Please note: while I don't believe in the binary of right/wrong parenting, I do believe there is a way that feels right to each of us; it's what I call our authentic parenting path. I hope these suggestions help you find and stay true to your path.
1. Unpack the guilt.
Guilt is a signal that we are doing one of two things: taking care of ourselves or doing something that is out of alignment with who we are.
Either way, guilt is an inner cue that we need to address so we can live from a more grounded place. If we're feeling guilt for taking care of ourselves then it's important to know what gets in the way of us practicing self-care. This is a major topic for parents, especially for those who had to care for a sick parent or sibling with a disability while growing up. It's worth exploring, if this is something that's true for you.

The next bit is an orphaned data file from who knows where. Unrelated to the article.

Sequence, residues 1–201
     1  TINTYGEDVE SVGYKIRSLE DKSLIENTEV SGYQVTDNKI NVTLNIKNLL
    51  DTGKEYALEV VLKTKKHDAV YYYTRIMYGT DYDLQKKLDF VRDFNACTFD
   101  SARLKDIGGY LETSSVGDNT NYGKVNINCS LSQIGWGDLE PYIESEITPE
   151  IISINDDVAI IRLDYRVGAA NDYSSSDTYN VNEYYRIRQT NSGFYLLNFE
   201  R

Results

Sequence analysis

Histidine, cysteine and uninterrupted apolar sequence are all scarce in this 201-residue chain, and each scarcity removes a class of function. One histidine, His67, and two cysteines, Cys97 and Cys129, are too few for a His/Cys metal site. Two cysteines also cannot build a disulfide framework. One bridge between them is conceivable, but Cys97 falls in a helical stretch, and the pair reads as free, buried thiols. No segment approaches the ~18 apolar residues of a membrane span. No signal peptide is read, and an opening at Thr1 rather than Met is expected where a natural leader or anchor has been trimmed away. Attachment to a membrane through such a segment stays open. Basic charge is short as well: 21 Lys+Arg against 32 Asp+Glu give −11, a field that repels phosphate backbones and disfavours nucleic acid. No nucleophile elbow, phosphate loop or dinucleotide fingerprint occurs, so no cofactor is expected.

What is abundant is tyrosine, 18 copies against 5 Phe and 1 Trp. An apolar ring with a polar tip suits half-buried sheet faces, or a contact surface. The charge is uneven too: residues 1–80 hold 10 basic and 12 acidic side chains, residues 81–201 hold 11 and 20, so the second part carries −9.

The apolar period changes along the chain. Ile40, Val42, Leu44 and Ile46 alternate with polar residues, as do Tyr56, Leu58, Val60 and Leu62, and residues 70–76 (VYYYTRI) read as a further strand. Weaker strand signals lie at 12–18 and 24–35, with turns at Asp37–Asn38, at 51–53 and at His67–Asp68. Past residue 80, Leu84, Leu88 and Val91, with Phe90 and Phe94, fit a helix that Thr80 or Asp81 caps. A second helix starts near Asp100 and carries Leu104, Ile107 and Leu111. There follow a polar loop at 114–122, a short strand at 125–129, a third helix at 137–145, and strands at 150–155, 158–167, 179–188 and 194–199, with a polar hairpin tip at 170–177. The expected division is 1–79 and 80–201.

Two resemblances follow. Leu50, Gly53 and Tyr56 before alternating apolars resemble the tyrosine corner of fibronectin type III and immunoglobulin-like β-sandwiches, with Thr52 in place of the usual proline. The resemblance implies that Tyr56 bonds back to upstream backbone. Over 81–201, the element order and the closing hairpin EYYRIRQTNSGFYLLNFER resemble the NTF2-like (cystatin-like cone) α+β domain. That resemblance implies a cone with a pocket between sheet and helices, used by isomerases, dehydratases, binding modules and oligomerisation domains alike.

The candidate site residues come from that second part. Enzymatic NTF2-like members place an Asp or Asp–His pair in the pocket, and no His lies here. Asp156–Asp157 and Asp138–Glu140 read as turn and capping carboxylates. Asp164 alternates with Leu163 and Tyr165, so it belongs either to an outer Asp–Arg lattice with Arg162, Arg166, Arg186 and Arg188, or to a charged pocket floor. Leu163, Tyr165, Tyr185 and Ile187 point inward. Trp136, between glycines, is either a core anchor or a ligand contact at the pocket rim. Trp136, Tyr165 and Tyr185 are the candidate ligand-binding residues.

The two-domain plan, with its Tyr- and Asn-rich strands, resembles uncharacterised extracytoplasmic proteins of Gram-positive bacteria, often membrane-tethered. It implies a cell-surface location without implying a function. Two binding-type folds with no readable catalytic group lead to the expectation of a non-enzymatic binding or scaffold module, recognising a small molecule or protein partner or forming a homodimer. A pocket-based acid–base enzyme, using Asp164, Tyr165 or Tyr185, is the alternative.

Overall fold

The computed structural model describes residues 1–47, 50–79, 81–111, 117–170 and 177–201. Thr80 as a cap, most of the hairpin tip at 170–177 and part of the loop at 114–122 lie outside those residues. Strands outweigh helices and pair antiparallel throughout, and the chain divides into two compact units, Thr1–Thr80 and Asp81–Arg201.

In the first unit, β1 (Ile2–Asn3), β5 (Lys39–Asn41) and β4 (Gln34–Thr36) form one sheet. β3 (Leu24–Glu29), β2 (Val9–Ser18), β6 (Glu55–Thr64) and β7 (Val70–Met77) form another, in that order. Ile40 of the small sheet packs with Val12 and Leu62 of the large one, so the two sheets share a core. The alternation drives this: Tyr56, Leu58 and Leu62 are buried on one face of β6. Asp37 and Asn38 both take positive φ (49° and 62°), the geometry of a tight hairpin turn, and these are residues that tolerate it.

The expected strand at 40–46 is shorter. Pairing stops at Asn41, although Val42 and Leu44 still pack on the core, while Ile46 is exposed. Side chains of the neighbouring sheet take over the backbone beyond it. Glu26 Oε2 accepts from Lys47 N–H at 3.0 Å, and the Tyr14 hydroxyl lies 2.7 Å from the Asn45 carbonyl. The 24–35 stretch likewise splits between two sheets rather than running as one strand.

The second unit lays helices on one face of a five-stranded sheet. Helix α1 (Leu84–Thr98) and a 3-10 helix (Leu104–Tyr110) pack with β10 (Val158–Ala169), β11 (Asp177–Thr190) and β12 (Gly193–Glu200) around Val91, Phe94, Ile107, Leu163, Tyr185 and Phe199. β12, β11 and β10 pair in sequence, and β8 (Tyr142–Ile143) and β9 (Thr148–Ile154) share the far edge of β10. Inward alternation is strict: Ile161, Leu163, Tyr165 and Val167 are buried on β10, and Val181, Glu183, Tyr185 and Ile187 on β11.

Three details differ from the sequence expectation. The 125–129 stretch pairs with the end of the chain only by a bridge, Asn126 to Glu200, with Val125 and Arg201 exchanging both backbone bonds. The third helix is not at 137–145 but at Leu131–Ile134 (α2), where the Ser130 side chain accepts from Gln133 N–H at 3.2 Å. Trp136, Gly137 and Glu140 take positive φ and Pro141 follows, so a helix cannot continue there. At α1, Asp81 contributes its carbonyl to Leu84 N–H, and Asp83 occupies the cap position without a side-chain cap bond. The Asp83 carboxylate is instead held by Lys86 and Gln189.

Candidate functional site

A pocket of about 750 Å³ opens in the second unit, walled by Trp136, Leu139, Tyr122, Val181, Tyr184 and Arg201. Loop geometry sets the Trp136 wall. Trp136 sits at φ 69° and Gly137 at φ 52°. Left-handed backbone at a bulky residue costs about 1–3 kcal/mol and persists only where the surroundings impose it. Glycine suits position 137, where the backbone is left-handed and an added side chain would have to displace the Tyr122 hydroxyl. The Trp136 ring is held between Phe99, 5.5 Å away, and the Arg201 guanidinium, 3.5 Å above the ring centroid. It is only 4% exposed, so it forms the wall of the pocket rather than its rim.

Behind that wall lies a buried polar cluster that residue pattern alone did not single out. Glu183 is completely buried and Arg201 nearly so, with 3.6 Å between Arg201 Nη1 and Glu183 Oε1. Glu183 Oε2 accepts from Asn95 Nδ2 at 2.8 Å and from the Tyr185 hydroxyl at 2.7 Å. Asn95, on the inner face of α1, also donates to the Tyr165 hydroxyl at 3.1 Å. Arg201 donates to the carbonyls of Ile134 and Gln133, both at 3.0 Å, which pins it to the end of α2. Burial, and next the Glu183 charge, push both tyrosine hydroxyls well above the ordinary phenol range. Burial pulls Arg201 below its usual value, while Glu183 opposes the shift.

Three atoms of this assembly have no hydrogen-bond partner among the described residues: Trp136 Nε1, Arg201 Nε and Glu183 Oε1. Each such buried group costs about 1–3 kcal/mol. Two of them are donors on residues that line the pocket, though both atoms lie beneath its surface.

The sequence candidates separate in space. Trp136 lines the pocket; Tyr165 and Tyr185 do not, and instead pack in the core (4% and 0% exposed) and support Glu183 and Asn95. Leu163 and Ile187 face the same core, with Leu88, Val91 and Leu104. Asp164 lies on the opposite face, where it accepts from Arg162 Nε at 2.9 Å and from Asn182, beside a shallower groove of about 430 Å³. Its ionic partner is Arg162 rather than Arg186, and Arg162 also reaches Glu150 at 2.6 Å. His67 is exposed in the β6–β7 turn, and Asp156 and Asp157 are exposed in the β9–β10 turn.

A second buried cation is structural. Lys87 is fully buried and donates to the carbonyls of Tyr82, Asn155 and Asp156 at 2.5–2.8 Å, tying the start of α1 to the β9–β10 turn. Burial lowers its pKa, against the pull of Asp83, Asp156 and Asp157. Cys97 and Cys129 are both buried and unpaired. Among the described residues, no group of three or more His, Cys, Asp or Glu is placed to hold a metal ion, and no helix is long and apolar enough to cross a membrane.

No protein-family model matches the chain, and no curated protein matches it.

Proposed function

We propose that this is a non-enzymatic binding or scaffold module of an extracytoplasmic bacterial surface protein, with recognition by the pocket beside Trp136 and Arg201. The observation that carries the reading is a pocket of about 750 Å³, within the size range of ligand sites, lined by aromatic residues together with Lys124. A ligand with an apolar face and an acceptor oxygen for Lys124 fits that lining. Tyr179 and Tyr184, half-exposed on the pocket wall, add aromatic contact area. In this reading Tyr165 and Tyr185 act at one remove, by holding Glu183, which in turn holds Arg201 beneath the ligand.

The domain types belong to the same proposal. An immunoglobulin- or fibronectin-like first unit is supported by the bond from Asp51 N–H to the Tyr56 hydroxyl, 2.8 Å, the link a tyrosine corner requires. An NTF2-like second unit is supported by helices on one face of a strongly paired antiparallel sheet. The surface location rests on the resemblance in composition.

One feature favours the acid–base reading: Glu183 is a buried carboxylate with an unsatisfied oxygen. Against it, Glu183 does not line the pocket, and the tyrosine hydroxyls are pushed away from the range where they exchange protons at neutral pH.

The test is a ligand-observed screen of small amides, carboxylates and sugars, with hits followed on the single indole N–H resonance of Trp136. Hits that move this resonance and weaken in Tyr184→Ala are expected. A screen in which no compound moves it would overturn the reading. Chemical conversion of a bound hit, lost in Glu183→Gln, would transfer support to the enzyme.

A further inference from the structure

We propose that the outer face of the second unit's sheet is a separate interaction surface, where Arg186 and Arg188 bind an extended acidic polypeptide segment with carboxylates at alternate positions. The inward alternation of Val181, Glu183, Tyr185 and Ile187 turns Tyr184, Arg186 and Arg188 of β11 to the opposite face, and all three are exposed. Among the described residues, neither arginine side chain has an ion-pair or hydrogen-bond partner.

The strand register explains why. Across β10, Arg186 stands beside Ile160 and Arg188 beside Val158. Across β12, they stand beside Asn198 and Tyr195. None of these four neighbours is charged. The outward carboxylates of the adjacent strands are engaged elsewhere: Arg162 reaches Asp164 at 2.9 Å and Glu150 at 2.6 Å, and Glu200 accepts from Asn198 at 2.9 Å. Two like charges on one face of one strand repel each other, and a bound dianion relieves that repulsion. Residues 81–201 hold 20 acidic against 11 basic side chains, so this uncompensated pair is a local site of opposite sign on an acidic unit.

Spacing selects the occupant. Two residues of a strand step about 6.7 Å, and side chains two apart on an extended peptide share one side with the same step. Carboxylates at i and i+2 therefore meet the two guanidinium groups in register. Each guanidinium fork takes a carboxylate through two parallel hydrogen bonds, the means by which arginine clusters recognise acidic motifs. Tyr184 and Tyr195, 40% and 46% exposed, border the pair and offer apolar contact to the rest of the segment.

In the second case, when we feel guilty because we are living out of alignment, it means we aren't really listening to ourselves. Maybe we are still saying yes to things we don't want to do anymore. For example, we say yes to the dinner invitation, even though we know it's too late for our baby, so we won't give our full attention to our host or our cranky child, plus we'll be distracted the whole time, and then ultimately feel exhausted and guilty for not being fully present for anyone. Sound familiar?
If so, it's time to unpack the guilt, my friends. Figure out what's true for you, what works for your family, and learn how to say no. Overachievers and people-pleasers: get your "no" on, pronto!
I'm not saying it's easy, but it's definitely easier than living with the internal tension and turmoil of guilt. Name it to tame it is all I'm saying here.
2. Stick to your top five priorities.